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Transport Risk Assessment and Verification – from Theory to Practice


The following discussion is based on the requirements described in the EU Guideline on Good Distribution Practice of medicinal products for human use, however, the GDP Guidelines for active substances, the GMP Guidelines and similar regulations contain comparable requirements for the respective areas within or outside of the EU.
Editor: PharmiWeb Editor Last Updated: 19-Jan-2022

Legal and regulatory requirements, including GMP and GDP guidelines, require consistently that medicinal products shall be stored and transported in a way that the product delivered maintain their quality and integrity and remain within the legal supply chain during storage and/or transportation. Storage and transport need to be described in the Pharmaceutical Quality System and the principles of quality risk management shall be used for designing and managing these activities.

While the respective requirements seem well implemented for storage facilities in the pharmaceuti­cal industry and the supply chain, observations in audits and inspections as well as frequent questions concerning imple­men­tation of transport requirements demonstrate that consultancy on this topic is highly valued.

The following discussion is based on the requirements described in the EU Guideline on Good Distribution Practice of medicinal products for human use, however, the GDP Guidelines for active substances, the GMP Guidelines and similar regulations contain comparable requirements for the respective areas within or outside of the EU.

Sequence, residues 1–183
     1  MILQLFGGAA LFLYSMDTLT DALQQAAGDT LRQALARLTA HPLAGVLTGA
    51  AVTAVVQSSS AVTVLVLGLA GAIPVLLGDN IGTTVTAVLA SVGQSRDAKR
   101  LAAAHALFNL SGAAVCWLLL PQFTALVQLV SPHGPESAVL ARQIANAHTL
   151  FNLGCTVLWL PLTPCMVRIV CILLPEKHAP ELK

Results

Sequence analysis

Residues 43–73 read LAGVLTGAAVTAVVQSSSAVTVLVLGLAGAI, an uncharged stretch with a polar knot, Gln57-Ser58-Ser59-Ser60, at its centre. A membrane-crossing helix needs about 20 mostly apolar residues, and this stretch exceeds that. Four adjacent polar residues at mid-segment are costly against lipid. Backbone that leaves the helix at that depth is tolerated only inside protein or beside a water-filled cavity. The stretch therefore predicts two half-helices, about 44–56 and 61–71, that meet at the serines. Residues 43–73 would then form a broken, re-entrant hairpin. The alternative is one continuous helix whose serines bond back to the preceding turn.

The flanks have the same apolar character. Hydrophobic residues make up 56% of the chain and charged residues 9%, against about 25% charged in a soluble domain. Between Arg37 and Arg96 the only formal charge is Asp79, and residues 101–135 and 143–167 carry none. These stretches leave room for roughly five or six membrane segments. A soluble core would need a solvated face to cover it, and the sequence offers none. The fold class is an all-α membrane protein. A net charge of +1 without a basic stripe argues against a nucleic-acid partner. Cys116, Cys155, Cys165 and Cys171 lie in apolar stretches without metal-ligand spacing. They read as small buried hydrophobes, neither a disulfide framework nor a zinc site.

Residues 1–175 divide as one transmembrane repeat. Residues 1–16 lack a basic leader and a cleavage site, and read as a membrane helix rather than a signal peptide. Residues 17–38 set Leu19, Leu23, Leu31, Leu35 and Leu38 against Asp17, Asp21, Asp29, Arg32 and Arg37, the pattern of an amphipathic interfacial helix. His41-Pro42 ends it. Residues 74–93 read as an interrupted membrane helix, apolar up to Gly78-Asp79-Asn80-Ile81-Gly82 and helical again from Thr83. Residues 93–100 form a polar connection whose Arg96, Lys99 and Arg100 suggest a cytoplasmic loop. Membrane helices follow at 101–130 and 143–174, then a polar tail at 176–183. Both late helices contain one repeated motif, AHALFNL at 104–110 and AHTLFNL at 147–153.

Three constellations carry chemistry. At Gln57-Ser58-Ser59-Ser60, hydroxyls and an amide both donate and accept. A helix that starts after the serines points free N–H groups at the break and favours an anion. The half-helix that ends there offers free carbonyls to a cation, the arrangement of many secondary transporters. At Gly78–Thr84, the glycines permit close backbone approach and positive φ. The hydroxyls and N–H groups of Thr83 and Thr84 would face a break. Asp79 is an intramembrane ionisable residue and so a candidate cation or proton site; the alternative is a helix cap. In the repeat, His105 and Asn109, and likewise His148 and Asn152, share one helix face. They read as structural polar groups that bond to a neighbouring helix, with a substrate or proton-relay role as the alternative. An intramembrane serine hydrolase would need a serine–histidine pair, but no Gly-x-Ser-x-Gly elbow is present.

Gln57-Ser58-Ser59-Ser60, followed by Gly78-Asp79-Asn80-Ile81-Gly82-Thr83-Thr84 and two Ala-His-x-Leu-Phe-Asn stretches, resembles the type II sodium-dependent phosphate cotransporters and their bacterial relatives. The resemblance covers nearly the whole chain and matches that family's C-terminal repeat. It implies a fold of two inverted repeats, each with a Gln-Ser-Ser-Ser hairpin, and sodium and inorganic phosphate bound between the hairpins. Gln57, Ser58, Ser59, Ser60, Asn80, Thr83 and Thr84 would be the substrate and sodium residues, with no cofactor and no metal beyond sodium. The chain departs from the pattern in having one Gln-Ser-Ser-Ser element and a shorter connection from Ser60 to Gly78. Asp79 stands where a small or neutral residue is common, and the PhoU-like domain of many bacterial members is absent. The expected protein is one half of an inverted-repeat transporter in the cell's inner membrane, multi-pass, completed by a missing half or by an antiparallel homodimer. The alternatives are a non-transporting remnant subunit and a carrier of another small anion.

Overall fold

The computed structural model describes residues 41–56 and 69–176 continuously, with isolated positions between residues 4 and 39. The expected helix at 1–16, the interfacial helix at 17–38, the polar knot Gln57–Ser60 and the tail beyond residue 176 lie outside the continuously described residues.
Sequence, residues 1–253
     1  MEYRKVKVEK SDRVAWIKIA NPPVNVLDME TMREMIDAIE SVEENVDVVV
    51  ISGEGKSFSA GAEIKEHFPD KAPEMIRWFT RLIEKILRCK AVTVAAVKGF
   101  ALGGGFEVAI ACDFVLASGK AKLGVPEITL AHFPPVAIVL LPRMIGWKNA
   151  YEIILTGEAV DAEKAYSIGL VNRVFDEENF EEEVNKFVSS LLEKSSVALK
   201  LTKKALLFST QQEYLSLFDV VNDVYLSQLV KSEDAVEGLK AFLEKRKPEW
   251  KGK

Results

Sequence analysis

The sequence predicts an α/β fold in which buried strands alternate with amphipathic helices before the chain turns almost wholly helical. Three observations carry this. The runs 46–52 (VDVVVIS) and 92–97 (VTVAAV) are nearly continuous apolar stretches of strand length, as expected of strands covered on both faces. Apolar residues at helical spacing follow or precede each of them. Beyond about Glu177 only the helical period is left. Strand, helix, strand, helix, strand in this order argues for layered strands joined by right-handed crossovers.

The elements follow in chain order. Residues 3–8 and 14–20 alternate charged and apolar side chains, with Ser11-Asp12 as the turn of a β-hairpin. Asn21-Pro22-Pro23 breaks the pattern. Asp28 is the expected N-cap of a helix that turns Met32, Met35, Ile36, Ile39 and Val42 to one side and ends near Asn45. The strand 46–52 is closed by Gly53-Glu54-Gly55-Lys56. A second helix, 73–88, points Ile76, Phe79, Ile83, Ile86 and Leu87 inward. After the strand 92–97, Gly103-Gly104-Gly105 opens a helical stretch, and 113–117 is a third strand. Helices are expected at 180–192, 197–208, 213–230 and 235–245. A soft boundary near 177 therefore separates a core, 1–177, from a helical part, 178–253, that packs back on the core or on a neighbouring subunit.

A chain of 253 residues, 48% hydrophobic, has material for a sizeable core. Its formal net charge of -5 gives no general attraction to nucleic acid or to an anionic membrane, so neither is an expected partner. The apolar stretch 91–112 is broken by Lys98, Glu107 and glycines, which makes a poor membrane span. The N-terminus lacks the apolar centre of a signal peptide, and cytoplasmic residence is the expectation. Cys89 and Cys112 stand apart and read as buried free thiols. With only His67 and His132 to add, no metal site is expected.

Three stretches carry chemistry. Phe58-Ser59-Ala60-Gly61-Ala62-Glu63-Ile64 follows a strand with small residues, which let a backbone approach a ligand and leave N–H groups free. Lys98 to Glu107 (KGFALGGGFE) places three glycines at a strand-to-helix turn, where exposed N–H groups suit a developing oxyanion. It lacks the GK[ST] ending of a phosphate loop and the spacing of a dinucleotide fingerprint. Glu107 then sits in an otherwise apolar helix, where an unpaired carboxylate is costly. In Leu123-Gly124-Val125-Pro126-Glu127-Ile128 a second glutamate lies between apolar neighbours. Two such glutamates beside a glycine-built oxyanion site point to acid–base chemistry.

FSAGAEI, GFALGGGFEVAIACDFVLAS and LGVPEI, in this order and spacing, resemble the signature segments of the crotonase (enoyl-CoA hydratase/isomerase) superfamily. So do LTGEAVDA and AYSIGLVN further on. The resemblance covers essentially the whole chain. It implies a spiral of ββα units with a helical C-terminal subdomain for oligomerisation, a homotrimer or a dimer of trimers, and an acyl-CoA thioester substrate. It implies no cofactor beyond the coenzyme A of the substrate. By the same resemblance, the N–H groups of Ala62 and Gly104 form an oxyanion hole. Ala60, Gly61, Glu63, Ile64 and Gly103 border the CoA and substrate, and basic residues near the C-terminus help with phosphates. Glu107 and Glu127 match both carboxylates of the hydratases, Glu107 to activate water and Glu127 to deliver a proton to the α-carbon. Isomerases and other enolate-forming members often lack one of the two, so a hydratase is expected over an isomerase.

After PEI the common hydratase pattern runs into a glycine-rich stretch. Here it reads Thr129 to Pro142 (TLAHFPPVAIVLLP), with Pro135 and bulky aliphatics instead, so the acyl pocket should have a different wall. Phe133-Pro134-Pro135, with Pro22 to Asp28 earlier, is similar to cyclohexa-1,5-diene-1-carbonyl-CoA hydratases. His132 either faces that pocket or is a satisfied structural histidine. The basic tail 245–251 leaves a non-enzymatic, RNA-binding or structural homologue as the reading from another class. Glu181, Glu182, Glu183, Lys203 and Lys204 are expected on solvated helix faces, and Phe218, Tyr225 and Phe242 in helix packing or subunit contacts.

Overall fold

Transport as “Mobile Storage”

Transport is nowadays jointly acknowledged as “mobile storage”. However, compared to the storage in warehouses, there are much more external factors that may affect product quality during transport, for example, but not limited to

  • environmental factors (climatic zones, temperature, humidity, light, vibration…)
  • mode of transport (air, sea, road)
  • delivery routes
  • transport duration
  • number of transits
  • holding times
  • vehicles
  • shipping containers
  • transport temperature
  • equipment to control environmental requirements (active, passive)
  • equipment to measure environmental factors
  • handling at airport
  • handling at customs clearance
  • security aspects (e.g. damage, contamination, adulteration, theft)

Chapter 9 of the EU GDP guideline points out that it must be finally possible to demonstrate that the medicinal products have not been exposed to conditions that may compromise their quality and integrity during transport. The GDP guideline requests explicitly a transport risk assessment focusing on the temperature during transport as critical factor for all medicinal products. The outcome of the risk assessment shall facilitate decision making where temperature controls have to be implemented. However, depending on the product, also other factors (e.g. moisture, light, vibration, air pressure) may be considered critical for a specific product and should then be included in the risk assessment and be controlled or monitored during transport.